April 1, 2020

Tulanian Now

Dear Tulane Community:

Tulane is leading the way to find solutions for the novel coronavirus – from designing new therapeutic strategies and nanotechnology-based tests to rapidly diagnose infections to working to develop one of the first nonhuman primate models for COVID-19. Our experts are also developing new approaches to quickly sanitize masks for reuse and responding across disciplines in numerous other ways. New Orleans has always been a global city, like New York and Seattle — and, since its founding as a medical college, Tulane has been on the frontline of infectious disease research. Through Tulanian Now you can learn about our research, response and the work being done in our community to address this global pandemic.

Mike Fitts


Latest News

Study: Coronavirus pandemic sparked by nature, not bioengineering

Robert Garry, PhD, professor of microbiology and immunology at the School of Medicine, is senior author of a study that found the COVID-19 pandemic likely evolved from nature and was not made in a lab or otherwise engineered.  Read the Story / Watch the Video


Tulane Medical Center team

New COVID-19 test gives results in four hours

A laboratory at Tulane Medical Center is conducting a new test for COVID-19 that can yield results within four hours.

Read the Story

COVID-19 cells

School of Medicine faculty and researchers answer COVID-19 questions

The School of Medicine recently released an informational video featuring faculty and researchers, who are on the frontline in the battle against COVID-19.

Read the Story / Watch the Video

Cajun army

Tulane medical students coordinate donations of protective gear for hospitals

Students from Tulane School of Medicine’s student community clinics built a regional donation hub to collect personal protective equipment for healthcare workers.

Read the Story


In Case You Missed It


Gibson Hall

Tulane launches Student Emergency Aid and Assistance Fund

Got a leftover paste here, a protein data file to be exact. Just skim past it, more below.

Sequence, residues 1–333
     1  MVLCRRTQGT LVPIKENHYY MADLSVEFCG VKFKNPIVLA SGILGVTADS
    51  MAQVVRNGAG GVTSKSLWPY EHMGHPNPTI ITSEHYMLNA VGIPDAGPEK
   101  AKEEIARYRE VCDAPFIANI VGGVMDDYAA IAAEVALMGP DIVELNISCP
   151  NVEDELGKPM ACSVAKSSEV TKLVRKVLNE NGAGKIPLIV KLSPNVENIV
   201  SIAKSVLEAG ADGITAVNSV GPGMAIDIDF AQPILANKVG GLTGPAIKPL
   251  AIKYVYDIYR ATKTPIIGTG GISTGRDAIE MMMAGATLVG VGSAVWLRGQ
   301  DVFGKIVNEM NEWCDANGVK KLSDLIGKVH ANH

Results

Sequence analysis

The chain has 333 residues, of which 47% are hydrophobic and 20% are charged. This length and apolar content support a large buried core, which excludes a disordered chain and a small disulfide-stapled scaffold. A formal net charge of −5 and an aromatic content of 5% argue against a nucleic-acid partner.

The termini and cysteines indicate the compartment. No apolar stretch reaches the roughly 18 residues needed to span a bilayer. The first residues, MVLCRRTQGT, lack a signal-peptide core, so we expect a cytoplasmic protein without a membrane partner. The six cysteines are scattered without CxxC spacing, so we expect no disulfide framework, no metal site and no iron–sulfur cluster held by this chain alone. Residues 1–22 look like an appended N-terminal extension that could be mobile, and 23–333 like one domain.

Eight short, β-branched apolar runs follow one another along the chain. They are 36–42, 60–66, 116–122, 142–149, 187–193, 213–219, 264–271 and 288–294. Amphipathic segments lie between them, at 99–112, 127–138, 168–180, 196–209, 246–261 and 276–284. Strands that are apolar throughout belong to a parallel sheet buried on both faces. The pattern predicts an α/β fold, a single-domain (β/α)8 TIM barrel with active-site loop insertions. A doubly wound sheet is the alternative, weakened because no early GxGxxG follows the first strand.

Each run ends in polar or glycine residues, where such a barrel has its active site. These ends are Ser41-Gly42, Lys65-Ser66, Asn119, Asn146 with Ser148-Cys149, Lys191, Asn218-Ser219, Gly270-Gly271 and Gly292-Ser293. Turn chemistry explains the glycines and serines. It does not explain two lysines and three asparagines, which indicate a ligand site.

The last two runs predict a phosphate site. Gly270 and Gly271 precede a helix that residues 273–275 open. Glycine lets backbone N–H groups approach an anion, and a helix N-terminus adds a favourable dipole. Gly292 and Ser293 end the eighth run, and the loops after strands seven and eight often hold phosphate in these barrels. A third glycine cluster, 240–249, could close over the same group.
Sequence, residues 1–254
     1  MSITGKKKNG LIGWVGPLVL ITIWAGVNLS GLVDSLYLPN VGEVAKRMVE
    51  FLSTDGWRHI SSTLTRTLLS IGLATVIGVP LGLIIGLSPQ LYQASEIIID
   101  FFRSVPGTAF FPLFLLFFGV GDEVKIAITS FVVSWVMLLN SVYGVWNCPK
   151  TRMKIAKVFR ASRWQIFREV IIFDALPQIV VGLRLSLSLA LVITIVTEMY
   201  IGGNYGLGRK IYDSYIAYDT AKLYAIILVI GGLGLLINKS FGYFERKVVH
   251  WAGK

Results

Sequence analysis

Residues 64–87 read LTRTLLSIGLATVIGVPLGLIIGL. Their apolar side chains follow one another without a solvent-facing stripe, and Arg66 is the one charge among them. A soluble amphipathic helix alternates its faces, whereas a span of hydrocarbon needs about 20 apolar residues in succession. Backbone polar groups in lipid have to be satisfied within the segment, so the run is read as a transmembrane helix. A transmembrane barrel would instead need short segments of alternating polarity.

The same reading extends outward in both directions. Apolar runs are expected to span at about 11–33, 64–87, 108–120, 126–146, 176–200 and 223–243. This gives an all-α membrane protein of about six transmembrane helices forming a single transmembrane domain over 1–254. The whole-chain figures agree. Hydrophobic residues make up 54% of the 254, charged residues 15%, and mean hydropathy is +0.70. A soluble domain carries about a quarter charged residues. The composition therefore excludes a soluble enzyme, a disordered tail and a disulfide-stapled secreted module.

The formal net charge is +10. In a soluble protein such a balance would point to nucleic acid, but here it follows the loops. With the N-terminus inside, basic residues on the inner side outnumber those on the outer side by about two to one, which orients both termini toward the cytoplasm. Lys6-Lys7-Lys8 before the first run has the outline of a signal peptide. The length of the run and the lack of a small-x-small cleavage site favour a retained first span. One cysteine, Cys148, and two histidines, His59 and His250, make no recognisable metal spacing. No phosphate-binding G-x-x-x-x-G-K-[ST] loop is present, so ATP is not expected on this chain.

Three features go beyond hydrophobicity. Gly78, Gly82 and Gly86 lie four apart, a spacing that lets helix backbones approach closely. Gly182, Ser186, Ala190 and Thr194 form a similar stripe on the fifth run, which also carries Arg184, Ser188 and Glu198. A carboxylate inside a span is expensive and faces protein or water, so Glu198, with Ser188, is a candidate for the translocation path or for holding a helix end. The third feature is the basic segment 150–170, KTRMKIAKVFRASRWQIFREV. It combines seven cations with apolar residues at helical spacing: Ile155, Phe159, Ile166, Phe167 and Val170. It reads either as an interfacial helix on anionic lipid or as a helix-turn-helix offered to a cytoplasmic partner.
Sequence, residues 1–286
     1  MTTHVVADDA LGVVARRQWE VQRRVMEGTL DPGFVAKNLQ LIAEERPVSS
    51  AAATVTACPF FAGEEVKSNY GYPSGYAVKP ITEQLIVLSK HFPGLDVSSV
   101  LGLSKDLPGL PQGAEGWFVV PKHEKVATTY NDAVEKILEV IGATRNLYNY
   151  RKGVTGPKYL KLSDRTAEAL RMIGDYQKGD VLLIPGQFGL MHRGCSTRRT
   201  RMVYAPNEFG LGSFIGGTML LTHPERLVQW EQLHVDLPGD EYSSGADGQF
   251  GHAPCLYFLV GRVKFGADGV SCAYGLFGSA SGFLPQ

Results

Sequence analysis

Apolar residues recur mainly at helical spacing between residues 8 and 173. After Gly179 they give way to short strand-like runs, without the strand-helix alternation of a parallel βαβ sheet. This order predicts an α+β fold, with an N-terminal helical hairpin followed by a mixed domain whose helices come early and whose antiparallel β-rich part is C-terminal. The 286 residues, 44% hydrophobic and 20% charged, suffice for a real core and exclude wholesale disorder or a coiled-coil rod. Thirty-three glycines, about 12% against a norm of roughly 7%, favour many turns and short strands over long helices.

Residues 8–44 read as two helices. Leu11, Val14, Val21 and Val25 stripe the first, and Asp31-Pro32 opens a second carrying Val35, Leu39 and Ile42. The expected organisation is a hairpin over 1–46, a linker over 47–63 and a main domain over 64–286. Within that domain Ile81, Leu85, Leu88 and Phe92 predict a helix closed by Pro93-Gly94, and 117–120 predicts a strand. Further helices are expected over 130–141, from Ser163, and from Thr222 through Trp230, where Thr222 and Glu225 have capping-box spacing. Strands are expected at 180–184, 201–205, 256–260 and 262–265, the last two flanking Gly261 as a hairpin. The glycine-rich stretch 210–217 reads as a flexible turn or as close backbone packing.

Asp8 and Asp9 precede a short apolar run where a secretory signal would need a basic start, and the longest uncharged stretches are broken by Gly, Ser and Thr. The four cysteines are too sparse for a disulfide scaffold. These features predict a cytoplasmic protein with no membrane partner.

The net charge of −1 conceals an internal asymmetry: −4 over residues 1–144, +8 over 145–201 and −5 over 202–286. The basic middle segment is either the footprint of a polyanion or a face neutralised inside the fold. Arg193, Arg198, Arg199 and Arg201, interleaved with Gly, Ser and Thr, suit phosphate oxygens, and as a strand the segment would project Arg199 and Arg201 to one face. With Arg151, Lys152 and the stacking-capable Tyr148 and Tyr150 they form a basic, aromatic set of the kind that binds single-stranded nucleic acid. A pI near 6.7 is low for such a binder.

The university has launched the fund to provide support for students in times of crisis.

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Walter Isaacson

Opinion: This plague is not a hurricane

Tulane History Professor Walter Isaacson's opinion piece ran in the Washington Post on March 29.

Read More

Michael Kuczynski

Letters: Chaucer offers age-old lessons in face of a pandemic

Tulane English Professor Michael Kuczynski's letter was printed in the March 26 issue of the Times-Picayune/New Orleans Advocate.

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Kendall Gardner


How are you, as a Tulanian, helping your community? How are you staying safe? How do you bring Tulane to where you are? What do you miss most about being on campus? HowdoyouTU?.

Share Your Story


In the News

Louisiana researchers studying monkeys for a coronavirus vaccine face challenges as state cases spike

ABC News

Dr. Rudolf "Skip" Bohm, associate director of the Tulane National Primate Research Center, hopes his research will help save thousands from COVID-19.

A Different Kind of Storm: New Orleans Facing Deadly Virus Outbreak

New York Times

Dr. Susan Hassig, an epidemiologist and associate professor at the Tulane University School of Public Health and Tropical Medicine, said there were other likely reasons, beyond Mardi Gras, that may explain why New Orleans has been so hard-hit — the dense, compact nature of the city; its tourism industry; its port, which connects it to the world; and the way people connect culturally.

The 1918 flu pandemic, a cautionary tale

CBS Sunday Morning

"That's equivalent to 225 to 450 million people today," said John Barry, who wrote a history of the 1918 flu and is on the adjunct faculty of Tulane University. "The numbers are staggering.


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